Primary Education in Kentucky

Primary Education in Kentucky

Elementary education in this state begins in kindergarten and ends in grade 8 (children from 5 to 14 years old), but usually it is divided into elementary, intermediate and intermediate levels. Elementary-level programs of elementary education work with children when they start going to kindergarten and until when they go to grade 4; transition level – children in 4, 5 classes; and middle level – children in grades 6-8.

Required subject areas:

Arts and Humanities;
English;
Health education;
Maths;
Physical education;
The science;
Social sciences.
In addition to the required subject areas, students in Kentucky should learn technology. First-grade students begin to learn how to work on a computer: they have to learn how to conduct research tasks, find and analyze data, draw, and create multimedia presentations.

The minimum school year is 185 days.

Testing

Kentucky has developed a testing program called the Knowledge Testing System (STLV). It includes:

Mandatory tests of the state: it is a mixture of tests in which you need to choose one correct answer from several proposed ( multiple – choice ), and tests in which you need disclosed answers to questions; The written test of basic knowledge (PTD): a multiple-choice test, the results of which are used to compare the performance of students in this state with students in other states; All homework assignments ( in the future: “portfolio” – portfolio ) – a collection of the best works of the apprentice training period.

These tests are conducted to test how students understand the required subjects and how much progress they have achieved. Usually, in such tests, 24 questions are multiple-choice questions (4 answers are given, one of which is correct), the next 6 questions are short answers of students. There are no time limits for this test. The evaluation takes place on 4 levels: “novice”, “student”, “expert” and “excellent student”. The goal of each school is to achieve on average all students of the “knowledgeable” level.

These tests are created by specially appointed officials in cooperation with the Advisory Council (SS), consisting of their state teachers. The teachers make up the questions, then the official checks them and prepares them for publication.

Pupils completing grades 3, 6 and 9 of public schools should also take part in the written test of basic knowledge (PTOS) in reading, languages, and mathematics. These tests are multiple-choice tests and created to compare the performance of individual students at the national level. Test results are published by schools. Parents also receive a copy of the report with details.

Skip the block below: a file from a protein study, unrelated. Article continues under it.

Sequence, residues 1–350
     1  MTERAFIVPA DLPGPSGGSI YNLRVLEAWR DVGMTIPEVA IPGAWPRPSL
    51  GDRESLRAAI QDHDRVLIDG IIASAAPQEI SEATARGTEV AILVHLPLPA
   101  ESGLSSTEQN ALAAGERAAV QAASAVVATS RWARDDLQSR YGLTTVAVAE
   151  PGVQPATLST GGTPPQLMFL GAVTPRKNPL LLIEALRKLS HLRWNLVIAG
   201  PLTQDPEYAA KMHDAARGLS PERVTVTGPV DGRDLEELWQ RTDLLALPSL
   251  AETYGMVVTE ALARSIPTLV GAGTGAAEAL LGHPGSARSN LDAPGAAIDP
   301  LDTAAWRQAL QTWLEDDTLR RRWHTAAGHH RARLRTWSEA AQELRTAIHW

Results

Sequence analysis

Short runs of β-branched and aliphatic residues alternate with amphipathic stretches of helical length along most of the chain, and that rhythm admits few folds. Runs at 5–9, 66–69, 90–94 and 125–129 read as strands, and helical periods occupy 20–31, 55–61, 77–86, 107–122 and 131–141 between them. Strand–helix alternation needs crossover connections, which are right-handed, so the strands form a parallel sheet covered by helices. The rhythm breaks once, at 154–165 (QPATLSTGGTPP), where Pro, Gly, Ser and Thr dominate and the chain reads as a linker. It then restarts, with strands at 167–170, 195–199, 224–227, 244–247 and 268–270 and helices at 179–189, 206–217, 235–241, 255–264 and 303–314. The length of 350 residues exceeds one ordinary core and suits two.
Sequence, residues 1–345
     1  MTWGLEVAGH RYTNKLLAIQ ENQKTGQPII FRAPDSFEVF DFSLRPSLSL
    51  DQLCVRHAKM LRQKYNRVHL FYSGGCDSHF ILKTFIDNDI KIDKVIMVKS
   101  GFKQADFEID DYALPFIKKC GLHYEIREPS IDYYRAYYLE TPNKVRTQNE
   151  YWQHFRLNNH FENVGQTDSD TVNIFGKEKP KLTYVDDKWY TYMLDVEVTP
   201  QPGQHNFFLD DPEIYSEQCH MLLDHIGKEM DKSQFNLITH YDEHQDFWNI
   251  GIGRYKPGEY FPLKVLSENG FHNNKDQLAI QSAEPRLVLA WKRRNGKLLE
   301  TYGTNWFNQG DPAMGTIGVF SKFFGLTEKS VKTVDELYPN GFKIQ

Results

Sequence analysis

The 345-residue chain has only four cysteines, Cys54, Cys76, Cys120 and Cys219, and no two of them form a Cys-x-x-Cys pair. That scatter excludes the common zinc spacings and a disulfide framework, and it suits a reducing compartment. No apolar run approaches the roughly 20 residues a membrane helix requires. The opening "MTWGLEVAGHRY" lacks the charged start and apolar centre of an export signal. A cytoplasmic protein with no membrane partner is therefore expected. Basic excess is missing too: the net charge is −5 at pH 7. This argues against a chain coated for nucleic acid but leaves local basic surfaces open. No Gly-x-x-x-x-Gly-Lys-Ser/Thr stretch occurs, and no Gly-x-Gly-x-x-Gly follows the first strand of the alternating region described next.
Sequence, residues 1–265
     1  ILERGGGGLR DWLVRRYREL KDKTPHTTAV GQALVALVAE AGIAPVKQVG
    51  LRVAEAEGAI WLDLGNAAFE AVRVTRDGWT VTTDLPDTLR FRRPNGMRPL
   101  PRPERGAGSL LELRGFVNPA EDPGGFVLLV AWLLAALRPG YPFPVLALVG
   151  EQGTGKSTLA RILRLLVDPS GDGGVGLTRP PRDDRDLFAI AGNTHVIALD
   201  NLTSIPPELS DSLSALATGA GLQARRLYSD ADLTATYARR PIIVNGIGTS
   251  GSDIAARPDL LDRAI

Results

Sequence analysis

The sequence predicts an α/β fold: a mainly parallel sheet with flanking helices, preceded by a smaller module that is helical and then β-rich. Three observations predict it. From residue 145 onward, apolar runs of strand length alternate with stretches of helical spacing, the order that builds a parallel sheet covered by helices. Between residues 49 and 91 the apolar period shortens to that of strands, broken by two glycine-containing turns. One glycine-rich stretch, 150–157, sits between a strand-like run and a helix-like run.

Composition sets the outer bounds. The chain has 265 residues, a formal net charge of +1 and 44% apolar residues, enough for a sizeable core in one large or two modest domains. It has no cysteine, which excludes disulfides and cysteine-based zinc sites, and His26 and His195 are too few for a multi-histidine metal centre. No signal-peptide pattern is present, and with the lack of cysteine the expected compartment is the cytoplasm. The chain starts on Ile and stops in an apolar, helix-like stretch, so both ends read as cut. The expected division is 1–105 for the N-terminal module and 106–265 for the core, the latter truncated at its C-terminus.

In addition, as part of the testing, students must provide a written portfolio — a collection of the student’s best work during the period of study — and a written essay that tests thought skills and writing skills. A 4th-grade student portfolio consists of 4 jobs, and a 7th and 12th-grade students portfolio of 5 jobs. The portfolio should be provided at the beginning of the testing period – April. Portfolio assessment is carried out by special teaching staff; they use a specially issued manual for assessment.

Age groups / primary teachers

The basic philosophy of Kentucky – children develop in different ways, with different needs. Therefore, elementary classes in state and group schools in kindergartens are made up not only according to age but also taking into account the abilities and needs of children. The work of children is organized by primary school teachers. Also in the same class, there can be a division of children into even smaller groups. For example, at the same time, one group is working on the pronunciation of words, the other is writing sentences, the third is learning to read.

Textbooks for elementary school students are free.

Educational materials

The state Department of Education issues a selection list. This sheet contains recommended textbooks for working in schools, as well as electronic materials. Above the compilation of this sheet works a special team that is selected every year. After the adoption of a new sheet, it is sent to school districts and schools. Each school is responsible for reviewing, selecting, and acquiring educational resources. Typically, this work is done by the school board, which consists of their parents, teachers, and administrators.

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